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It's the bane of many parents’, grandparents’ and caregivers’ lives: the post-meal clean-up courtesy of babies and toddlers.
Substances that were once identifiable as food products somehow find themselves smeared into sticky pulp on faces, hands, hair, legs, between toes, on clothing and toys, wedged into unreachable nooks and crannies of high chairs and tray tables — not to mention splashed liberally around surrounding floors, walls and furniture.
And why is it that youngsters who are so keen to revel in the mush almost unfailingly object loudly and strenuously to having said remains — which have somehow during the course of the mealtime metamorphosed into plaster — cajoled from their bodies and their encrusted clothing layers peeled off?
It’s not called feeding time at the zoo for nothing!
However, the verdict is in; it turns out that mess is actually best when it comes to getting babies in the mood for food.
According to University of Otago research, it appears babies who feed themselves as soon as they start eating solids (usually from about the age of 6 months) turn out to be less fussy eaters.
That might not be music to the ears of the adult clean-up crew, but the study — published in international journal Jama Pediatrics — shows the benefits to children (and adults in the long run) are considerable.
The main objective of the study was actually to determine whether letting infants feed themselves (instead of traditional spoon-feeding by another person) would reduce the risk of them becoming overweight.
It found no evidence that self-feeding made a noticeable difference in terms of body weight. Significantly, it also found no evidence that self-feeders did not eat enough food and could be underweight. (This should alleviate concerns for parents who think they should try and squeeze just one more spoonful into the mouths of their littlies.)
But the significant find is that babies who fed themselves from the age of 6 months had a better attitude towards food at 12 and 24 months and were less fussy about food than spoon-fed participants.
Fussy babies grow into fussy children who grow into fussy adults. This not only limits choice, and makes the job of providing interesting meals challenging for providers, it can have severe implications on health, for a balanced diet is crucial to provide the energy and nutrients a body requires.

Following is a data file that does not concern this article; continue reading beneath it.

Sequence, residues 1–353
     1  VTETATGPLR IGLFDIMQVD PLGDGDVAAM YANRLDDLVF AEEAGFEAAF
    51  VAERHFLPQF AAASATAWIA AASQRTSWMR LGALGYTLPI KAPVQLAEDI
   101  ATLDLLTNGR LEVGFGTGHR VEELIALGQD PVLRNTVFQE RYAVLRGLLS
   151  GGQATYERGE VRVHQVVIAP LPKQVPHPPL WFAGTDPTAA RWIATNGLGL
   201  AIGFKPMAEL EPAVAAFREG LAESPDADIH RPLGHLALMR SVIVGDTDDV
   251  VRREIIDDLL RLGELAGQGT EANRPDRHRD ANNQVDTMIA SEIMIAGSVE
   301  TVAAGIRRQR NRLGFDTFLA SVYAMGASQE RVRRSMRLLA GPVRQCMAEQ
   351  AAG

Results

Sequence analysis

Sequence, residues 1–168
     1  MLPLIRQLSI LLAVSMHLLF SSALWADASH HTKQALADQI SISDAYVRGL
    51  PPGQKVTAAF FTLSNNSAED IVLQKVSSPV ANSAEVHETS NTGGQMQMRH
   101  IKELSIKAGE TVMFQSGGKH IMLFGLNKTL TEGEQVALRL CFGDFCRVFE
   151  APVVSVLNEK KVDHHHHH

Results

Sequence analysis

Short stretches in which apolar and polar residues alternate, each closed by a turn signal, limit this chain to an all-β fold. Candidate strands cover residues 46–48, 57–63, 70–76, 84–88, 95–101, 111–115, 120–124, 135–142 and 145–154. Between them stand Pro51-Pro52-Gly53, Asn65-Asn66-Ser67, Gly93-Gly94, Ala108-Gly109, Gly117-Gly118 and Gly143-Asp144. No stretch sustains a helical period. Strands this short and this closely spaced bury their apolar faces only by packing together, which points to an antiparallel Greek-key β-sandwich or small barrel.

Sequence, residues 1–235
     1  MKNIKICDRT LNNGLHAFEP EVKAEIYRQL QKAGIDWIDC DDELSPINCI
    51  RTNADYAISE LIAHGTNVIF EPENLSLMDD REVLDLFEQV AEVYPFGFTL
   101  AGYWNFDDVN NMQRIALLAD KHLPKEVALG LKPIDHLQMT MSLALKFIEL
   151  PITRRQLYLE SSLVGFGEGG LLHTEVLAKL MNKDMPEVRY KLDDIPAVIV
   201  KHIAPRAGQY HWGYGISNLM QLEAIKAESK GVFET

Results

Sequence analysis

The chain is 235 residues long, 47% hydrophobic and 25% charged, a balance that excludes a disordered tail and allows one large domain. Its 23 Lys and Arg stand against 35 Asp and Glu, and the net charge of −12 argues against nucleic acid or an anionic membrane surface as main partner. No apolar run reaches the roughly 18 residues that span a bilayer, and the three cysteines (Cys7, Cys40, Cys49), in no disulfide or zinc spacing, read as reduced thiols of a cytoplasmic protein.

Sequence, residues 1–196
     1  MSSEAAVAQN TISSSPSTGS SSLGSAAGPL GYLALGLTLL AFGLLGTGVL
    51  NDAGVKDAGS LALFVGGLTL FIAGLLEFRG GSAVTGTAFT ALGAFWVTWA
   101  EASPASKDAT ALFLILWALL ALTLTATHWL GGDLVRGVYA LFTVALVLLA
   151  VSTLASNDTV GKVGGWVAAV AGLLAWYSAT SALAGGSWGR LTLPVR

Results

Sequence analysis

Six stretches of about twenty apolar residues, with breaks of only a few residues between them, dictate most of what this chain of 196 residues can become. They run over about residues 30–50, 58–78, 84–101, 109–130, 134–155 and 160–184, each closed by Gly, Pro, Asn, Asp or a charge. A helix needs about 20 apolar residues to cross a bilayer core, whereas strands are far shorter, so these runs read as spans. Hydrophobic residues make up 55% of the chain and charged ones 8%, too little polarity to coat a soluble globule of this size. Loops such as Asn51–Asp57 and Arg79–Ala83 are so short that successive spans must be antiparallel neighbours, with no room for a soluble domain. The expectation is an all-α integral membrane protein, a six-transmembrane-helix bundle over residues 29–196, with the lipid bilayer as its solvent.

Bad food habits can become entrenched for life and anything that can help break this cycle and make food a friend is welcome news.
So the message for parents and caregivers is be prepared to swallow the mess, give babies who are on solids some options at mealtimes and let them work their way through the food. Mealtimes might be messy and might be marathons but, chances are, the young ones are getting enough to satisfy their nutritional needs. When young children stop eating and start playing with their food, they’re probably full.
Of course, anyone concerned about their child’s eating habits or weight should always seek advice from a medical practitioner. There may be good reasons — such as undiagnosed allergies or health conditions — that a child chooses not to eat much, or only to eat certain things.
But the health benefits of self-feeding early appear significant. There will be social advantages, too. Easier mealtimes mean better opportunities for families to engage. Children who can eat well at home will not create the same anxieties when they are in day care, away on school trips or staying with friends or wider family. And, for adults, there is no doubt the range of social occasions that hinge around food will be easier if every second ingredient is not off the menu.